They Came To Cordura
Frequently bought together
Customers who bought this item also bought
Called "an impressive and important film" by Variety, THEY CAME TO CORDURA was hailed by critics as"the most disturbing war picture since The Bridge on the River Kwai." A Timeless story of courage and cowardice set against the backdrop of the 1916 war against Pancho Villa. The film stars Gary Cooper as Thomas Thorn, a career Army officer given the humiliating task of leading five Medal of Honor candidates to the military base of Cordura, Texas. Branded a coward during the battle, Thorn hopes to learn what these men, each of whom performed heroically under fire, possess which he lacks. But as the grueling journey through the desert progresses, the "heroes" panic, attempting murder, mutiny and rape as the quest for survival reveals their true characters. Rita Hayworth, in a dramatic departure from her glamour-girl roles, co-stars as the seventh member of the group, an American expatriate accused of aiding the Mexicans. At first contemptuous of Thorn, she gradually comes to apprecia
Gary Cooper's forte--the searching, lone figure beleaguered by conflicts over conscience, truth, and ethics--followed him all the way to the ambitious They Came to Cordura, his third-to-last feature. Cooper plays Thomas Thorn, a career officer in America's fading horse Army of the early 20th century. Thorn's alleged cowardice in battle has been papered over by superiors: He is to identify acts of bravery during an attack on Pancho Villa's troops and lead those designated heroes to a Medal of Honor ceremony in Cordura, Texas. Though Thorn tries to extract the secret behind courage from each man, he discovers a battle-hardened, bestial side to them as well. The Cordura journey becomes fraught with mutiny and near-assaults on a Yankee expatriate (Rita Hayworth). Thorn, reputation aside, redefines courage on his own terms. This widescreen drama (the DVD offers full-screen format as well) is suspenseful, morally complex, and visually rich, but Cooper's performance carries the day. --Tom Keogh
Would you like to tell us about a lower price?
If you are a seller for this product, would you like to suggest updates through seller support?
Top customer reviews
There was a problem filtering reviews right now. Please try again later.
duty of escorting war heroes to a destination where they will be cited for their valor. For various reasons many do not wish to receive the highly publicized medals and recognition afforded. The long, arduous journey becomes one of trial and tribulation as the "merry" band journeys toCordura. Accompanying them is a women of "reputation," who is being transported to prision for aiding the enemy. The coward does regain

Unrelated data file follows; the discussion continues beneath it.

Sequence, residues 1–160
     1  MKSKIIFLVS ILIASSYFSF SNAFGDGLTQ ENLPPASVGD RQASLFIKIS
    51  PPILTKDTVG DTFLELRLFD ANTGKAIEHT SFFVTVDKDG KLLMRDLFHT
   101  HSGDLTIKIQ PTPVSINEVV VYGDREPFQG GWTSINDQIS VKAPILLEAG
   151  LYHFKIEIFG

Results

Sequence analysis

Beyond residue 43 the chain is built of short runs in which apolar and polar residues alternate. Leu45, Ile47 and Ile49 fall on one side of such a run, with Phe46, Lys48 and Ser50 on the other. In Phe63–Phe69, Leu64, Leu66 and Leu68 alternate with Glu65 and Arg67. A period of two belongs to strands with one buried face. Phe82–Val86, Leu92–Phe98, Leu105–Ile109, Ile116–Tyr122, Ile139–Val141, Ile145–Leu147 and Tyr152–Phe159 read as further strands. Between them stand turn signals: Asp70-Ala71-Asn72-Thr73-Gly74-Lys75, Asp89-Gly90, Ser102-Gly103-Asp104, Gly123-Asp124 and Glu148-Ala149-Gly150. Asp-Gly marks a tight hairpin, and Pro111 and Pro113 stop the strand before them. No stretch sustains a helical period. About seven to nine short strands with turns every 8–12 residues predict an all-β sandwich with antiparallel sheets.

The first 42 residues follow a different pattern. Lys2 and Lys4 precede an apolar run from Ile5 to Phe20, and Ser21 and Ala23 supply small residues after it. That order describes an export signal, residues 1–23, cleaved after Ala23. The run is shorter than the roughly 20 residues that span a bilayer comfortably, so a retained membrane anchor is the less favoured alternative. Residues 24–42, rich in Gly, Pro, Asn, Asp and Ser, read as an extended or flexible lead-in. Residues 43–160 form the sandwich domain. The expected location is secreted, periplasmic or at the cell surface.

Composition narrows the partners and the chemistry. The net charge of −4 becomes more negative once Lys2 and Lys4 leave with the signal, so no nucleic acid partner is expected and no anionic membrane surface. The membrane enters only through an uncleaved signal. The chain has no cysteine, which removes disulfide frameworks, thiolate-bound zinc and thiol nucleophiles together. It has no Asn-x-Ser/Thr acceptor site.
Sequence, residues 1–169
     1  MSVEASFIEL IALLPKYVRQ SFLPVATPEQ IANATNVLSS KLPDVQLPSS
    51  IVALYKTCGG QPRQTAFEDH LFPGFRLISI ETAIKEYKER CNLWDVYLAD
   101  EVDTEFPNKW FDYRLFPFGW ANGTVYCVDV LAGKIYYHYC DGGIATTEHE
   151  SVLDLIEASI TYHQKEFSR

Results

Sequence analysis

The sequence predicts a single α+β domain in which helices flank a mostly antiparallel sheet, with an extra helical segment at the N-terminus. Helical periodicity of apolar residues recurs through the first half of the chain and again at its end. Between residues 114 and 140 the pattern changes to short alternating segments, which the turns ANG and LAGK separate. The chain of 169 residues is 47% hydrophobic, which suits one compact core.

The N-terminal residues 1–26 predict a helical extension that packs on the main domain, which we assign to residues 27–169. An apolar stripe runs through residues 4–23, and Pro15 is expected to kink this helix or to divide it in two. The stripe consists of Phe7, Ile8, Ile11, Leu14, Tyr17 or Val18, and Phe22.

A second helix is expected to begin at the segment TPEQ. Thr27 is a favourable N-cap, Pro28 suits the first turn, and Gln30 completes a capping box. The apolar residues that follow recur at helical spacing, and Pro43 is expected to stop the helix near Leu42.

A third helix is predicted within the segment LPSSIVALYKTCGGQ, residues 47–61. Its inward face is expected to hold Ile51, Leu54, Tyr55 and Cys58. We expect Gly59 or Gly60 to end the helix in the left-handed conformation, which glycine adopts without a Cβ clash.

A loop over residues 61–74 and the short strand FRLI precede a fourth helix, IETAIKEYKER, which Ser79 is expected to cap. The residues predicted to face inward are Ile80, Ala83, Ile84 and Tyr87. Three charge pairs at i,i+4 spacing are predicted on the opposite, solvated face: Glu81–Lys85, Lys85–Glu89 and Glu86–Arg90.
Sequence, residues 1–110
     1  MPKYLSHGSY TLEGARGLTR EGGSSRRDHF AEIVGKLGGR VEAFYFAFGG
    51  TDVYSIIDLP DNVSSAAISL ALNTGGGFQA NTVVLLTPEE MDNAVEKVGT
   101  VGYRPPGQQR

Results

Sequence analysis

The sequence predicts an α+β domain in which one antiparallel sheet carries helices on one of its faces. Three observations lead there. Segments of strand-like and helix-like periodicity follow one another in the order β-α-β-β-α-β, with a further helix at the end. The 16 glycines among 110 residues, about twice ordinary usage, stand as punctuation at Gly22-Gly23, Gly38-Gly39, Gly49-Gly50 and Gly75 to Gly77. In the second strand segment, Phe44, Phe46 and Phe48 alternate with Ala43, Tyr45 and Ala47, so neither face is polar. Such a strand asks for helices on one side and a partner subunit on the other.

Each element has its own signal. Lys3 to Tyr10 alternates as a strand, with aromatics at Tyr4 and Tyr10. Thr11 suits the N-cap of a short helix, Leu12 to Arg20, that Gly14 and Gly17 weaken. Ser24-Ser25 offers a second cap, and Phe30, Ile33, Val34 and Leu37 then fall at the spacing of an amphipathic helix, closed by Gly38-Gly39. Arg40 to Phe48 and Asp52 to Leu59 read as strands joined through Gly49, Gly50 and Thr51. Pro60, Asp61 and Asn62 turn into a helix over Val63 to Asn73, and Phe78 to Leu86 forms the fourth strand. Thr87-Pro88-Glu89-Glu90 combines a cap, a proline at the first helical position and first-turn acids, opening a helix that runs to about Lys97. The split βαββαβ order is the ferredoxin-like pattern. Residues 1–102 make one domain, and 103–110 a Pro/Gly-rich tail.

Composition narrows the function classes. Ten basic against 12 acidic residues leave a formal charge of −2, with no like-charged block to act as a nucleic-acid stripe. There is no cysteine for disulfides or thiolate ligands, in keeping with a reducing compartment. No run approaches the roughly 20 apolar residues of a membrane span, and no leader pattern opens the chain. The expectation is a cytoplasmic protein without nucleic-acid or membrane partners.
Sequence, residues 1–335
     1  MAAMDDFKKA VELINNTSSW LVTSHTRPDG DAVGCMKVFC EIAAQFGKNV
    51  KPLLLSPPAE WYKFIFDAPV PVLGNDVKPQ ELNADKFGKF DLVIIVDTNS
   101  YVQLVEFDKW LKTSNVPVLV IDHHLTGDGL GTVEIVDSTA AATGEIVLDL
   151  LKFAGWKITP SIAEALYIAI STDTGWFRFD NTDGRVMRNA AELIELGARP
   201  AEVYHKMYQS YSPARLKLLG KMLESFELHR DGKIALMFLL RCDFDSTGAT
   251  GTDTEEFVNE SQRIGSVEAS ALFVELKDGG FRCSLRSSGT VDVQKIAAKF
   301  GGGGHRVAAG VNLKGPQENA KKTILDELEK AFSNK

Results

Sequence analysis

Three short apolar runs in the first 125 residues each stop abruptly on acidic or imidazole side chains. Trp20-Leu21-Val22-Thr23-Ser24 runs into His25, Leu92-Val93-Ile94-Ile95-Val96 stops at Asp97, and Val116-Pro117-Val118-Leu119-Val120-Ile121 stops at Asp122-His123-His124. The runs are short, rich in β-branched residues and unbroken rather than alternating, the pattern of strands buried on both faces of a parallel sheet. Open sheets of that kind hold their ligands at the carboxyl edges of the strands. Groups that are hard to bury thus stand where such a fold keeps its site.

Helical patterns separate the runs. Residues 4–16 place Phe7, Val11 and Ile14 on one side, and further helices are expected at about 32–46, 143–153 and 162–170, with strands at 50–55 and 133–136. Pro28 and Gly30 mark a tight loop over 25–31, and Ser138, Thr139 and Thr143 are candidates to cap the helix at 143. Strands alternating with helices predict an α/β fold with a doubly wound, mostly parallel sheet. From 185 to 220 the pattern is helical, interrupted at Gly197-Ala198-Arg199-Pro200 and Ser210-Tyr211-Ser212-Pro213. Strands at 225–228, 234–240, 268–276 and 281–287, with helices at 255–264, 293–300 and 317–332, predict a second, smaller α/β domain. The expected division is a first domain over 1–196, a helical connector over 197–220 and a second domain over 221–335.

his courage and sense of pride and duty. However, he may not live to complete his present assignment. Impressive battle sequence at the
beginning of the film. Rousing musical score and great photography. All performances are very well done. Notable performance by character
actor Robert Keith (Brian Keith's father) in the opening scenes, as the battlefield military commander who leads his troops to glory! A must-see film!
While much of the dialogue in the book appears in the film, the full sentences are not as they are shown visually. In the book there are some really long complex sentences which interested me. Here's one where Thorn is thinking to himself about Lieutenant Fowler:
"Major Thorn new something about him: three years out of the Point, he had put in two of them at Fort Riley as an aide and the third at Columbus under Colonel Rogers and himself, with A Troop his first command. Column of twos into line of charge, column of fours into line of charge, he drilled his men half an hour after the other troops were dismissed; he took the train to El Paso regularly to play polo, not because he enjoyed the game or was good at it but because for second lieutenants on border duty, it was the game to play; it had been he who protested, with due deference, when the sabers of the regiment had been stored at Dublan, for which he had been called to his face by fellow officers and behind his back by his men, George Armstrong, after Custer, Fowler. A soldier by training, not by nature, Thorn believed, he was strung tight as a bow. Pluck him and he would twang."
As for the long haul across the desert, it's takes up 114 pages out of a total of 175 in the book -- didn't calculate how many minutes of the film -- during which all of the people involved go more or less crazy. Having spent long days in the Mojave Desert of California and the Sonoran Desert in Arizona, I can't help but wonder if the actual troops upon which the story is based were so naïve as to struggle through the burning sands of the day where it's now common knowledge that while you don't need to have food, you definitely need to have water or your mind begins to fall apart. This isn't just hikers, but drivers: if you break down, it's best to stay in the shade and not try and walk out until dark or at least when the heat has gone out of the sun.
It's really a wonderful film, terribly underrated in my opinion. Cooper breathes weariness and pain better than any actor ever has. It's not flamboyant acting, it's just in him (actual chronic back pain may have helped). Hayworth and the evil guys are all wonderful. The panorama, when you can see it, is lonely, dusty and moving. A more ironic and yet deeply inspiring film on heroism was never made.
The only thing lacking when you can see the movie correctly (not this DVD) is Sinatra's title song, which wasn't used. Too bad.
Most recent customer reviews
I will be back for more